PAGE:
Re: Questions to Half dome hike vets from HD newbie

PostPosted: Mon Apr 16, 2012 6:08 pm
by stripgaga
When did you leave for half dome in the morning, and was there any preferred trail you took to make things easier or anything like that?

Also, since you have been there many times, where other trails/hikes/spots do you recommend to see?

Re: Questions to Half dome hike vets from HD newbie

PostPosted: Mon Apr 16, 2012 6:32 pm
by AlmostThere
Pretty much any trailhead you can take to get to HD is going to make it a long or tough hike. Happy Isles up the Mist Trail is about the same as going from Sunrise, and other THs are going to make it longer. And all those trailheads with easy access to HD will be crowded.

AWESOME hikes include Mt Dana (6 miles RT, 3000+ feet of gain, view from 13,000 feet, starts from the Tioga east side gate)
Clouds Rest (from Sunrise trailhead at Tenaya Lake, a 14 mile round trip - moderately strenuous, but without huge crowds trying to push you off the mist trail steps)
Gaylor Lakes (very short mile and a half up and over a ridge - steep, no camping zone, very scenic, also at the Tioga gate)
Mt Hoffman (geographic center of the park, a little scrambling to get there, start from May Lake - about 7 miles round trip)
North Dome (trailhead at Porcupine Creek, 8 miles round trip, moderate hike and AWESOME view of Half Dome)
top of Yosemite Falls (from the valley floor it's a steep 3+ mile climb, but superlative!)
any of the points accessible from Glacier Pt Road (Dewey, Taft, Crocker, Sentinal Dome - huge views for moderate to easy miles to them, very cool) and Glacier Pt itself (not even a hike, more of a short walk).
I also really liked Moraine Dome - you have to get off the trail at a particular place and walk out a ridge to it.

Pretty much everything in Yosemite is great, some things are incredible. Mt Dana and Clouds Rest are my repeat favorites - we do the others when we can, but the fabulouso high points we must see are those two.

Re: Questions to Half dome hike vets from HD newbie

PostPosted: Tue Apr 17, 2012 9:24 am
by stripgaga
Thanks, I'll definitely check out those 2!

Re: Questions to Half dome hike vets from HD newbie

PostPosted: Fri Jun 01, 2012 11:32 am
by rittercon
My wife and I are in our late 50's (ouch!) and have done the half dome hike twice. The first time it was an "up and back" from the valley floor. We left at 6am and got back at 5:30pm, spending an hour at the top and another combined hour hanging out at Vernal falls, Nevada Falls and the Merced River at LYV. We used hiking sticks, took ibuprofen, drank lots of water along the way and ate granola bars, trail mix and other light foods. We trained for 6 months by hiking all the local hills on a weekly basis, looking for about 3 - 4 hour hikes. The up and back hike is certainly doable with a little preparation, or at least a little youth.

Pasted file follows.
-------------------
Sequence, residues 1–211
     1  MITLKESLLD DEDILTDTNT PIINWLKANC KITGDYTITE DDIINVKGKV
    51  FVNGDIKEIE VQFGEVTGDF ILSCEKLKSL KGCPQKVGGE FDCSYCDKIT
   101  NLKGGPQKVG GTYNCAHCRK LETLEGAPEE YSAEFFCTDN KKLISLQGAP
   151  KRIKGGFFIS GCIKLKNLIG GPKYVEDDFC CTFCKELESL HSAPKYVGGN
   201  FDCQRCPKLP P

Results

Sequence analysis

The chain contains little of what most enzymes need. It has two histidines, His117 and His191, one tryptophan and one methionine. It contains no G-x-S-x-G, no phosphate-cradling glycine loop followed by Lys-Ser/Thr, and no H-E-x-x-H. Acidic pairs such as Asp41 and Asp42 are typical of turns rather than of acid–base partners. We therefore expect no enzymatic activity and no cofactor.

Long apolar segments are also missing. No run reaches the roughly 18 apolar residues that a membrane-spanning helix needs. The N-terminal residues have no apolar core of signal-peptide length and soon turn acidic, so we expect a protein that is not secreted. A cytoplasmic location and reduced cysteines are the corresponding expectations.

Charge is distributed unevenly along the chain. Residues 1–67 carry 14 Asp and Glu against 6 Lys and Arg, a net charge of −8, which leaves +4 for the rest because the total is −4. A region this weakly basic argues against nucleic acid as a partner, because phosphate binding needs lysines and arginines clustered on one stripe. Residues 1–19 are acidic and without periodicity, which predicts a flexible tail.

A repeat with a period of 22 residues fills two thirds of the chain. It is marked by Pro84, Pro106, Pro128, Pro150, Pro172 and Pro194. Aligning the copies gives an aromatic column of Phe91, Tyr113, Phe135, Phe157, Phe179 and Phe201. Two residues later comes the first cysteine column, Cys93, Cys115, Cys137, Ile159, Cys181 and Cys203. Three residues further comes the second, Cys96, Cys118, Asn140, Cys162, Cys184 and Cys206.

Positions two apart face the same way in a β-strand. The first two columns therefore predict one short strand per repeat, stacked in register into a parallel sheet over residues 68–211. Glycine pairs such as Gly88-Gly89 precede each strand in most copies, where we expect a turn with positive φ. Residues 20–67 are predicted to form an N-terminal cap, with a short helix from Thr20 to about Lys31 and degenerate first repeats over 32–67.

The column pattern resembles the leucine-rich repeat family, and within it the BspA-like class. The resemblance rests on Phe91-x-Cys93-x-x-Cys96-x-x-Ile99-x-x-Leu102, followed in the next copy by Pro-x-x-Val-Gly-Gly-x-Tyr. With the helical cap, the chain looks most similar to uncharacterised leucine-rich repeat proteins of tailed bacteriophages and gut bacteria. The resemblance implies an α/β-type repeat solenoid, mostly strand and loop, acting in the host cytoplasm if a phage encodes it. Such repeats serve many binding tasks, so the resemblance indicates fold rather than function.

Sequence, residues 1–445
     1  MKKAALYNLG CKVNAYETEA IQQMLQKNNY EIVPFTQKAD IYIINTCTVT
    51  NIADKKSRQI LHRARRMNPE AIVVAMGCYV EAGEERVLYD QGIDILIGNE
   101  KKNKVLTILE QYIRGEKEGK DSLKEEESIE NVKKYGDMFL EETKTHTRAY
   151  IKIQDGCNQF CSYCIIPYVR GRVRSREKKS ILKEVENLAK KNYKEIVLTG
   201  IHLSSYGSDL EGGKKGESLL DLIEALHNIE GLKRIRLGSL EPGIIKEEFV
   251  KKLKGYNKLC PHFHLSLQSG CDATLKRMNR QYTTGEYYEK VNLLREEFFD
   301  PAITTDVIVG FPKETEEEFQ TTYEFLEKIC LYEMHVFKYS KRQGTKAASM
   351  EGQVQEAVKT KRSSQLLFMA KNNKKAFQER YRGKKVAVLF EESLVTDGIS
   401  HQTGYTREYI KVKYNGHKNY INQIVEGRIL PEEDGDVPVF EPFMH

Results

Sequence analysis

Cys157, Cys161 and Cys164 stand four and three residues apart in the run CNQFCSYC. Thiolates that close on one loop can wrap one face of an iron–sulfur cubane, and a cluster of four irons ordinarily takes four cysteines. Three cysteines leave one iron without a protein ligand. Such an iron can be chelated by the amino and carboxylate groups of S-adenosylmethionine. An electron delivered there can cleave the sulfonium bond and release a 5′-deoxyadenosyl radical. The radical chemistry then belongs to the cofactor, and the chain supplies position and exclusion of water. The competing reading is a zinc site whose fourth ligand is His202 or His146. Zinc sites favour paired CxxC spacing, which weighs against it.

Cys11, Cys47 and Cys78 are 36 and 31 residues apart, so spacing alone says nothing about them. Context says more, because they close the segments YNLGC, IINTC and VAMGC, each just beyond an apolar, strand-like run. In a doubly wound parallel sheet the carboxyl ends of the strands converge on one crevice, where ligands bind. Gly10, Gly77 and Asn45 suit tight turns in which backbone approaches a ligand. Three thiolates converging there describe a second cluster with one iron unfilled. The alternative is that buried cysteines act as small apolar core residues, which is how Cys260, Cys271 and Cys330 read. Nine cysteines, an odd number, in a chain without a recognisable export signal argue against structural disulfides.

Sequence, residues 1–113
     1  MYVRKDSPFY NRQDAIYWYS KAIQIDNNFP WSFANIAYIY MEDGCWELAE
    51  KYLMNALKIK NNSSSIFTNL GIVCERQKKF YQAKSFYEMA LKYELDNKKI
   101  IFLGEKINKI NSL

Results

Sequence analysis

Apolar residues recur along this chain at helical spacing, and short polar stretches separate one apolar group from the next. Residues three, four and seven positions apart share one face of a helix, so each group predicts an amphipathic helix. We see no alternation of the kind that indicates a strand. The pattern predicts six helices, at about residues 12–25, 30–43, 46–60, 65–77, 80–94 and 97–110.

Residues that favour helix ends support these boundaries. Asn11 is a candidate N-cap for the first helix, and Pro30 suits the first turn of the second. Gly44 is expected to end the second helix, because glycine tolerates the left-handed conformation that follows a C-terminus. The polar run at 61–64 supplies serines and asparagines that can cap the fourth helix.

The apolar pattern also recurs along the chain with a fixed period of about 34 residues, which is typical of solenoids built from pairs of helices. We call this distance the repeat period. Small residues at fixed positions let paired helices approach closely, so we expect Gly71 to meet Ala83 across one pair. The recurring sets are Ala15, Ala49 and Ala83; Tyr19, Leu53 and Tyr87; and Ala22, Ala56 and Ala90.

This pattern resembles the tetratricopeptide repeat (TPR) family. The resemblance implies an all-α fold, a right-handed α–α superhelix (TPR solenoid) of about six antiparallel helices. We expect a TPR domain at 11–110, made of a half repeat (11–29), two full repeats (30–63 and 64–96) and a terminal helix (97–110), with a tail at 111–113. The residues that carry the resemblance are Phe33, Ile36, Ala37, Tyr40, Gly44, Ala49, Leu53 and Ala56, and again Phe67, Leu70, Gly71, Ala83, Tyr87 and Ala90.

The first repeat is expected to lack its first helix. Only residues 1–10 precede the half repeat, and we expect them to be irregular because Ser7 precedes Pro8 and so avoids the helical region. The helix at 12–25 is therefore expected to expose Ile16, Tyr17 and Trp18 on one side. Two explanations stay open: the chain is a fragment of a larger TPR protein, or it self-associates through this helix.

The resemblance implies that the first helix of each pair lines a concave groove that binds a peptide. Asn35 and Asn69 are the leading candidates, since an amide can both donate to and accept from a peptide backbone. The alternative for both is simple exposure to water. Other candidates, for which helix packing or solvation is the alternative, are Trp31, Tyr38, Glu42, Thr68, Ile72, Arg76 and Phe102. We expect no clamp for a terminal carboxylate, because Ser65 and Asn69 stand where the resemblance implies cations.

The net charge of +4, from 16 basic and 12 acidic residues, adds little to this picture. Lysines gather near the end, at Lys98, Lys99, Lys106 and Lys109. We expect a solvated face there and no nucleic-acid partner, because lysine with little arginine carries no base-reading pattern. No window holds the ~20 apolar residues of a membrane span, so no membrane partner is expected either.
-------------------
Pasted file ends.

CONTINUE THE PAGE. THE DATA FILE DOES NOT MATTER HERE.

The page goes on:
Our second trip was a backpack trip where we spent the first night at Illouette Creek and a second night at LYV. From LYV we hiked to the dome, leaving at about 6am and getting back to LYV at about noon. We left our gear at LYV and just took, sticks, water and snack foods with us. Once back at LYV, we packed up our gear and hiked back down to the valley, again stopping at Nevada Falls and Vernal Falls for rest and relaxation. I think we got down to the valley at about 4pm or so.

Overall I enjoyed the backpack version more than the up and back. I go backpacking two or three times a year and have the gear to do it, so its easy for me. Granted, hiking up the falls with a backpack is tougher than without, but you don't have to travel as far, so in my opinion it's a wash. The benefit of backpacking, assuming you're leaving from LYV, is that you can get to the dome much earlier than the valley crowd. Even with the new restrictions, the cables can get pretty crowded starting around 10am or so.

We are going again next weekend and are doing the backpack route. I got a wilderness reservation from Happy Isles to LYV, leaving Friday. When I pickup my wilderness permit, I'll also get a half dome permit for Saturday. We'll hike up to LYV on Friday, do the half dome hike Saturday, spend another night somewhere out there (maybe along Sunrise Creek) and pack back down to the valley Sunday. What could be better?


Re: Questions to Half dome hike vets from HD newbie

PostPosted: Tue Jun 26, 2012 7:25 pm
by Dave
I did Half Dome last Sept. via the Mist Trail route, leaving at 6am and getting back to
the floor at 3pm with plenty of time spent taking in the sights. A couple nuggets from
that hike:

1) Get hiking boots that fit, or your feet will never let you forget it.
2) Bring your own gloves for the cables. A pile of them awaits, but who knows
where they've been.
3) I second the advice of AlmostThere about drinking a little at a time, but not letting
yourself get thirsty. It was 93 degrees on that Sept. day, and it will be hotter for July.
4) I didn't use hiking poles, but some Yosemite regulars swear by them.
5) Don't forget to bring the permit. The park ranger at subdome packs heat.
6) Before embarking, take a look in your pack. Is that stuff needed or merely dead weight?
7) Once on top, find the "edge" and keep one eye on it. Gravity never goes on holiday.

Enjoy your hike.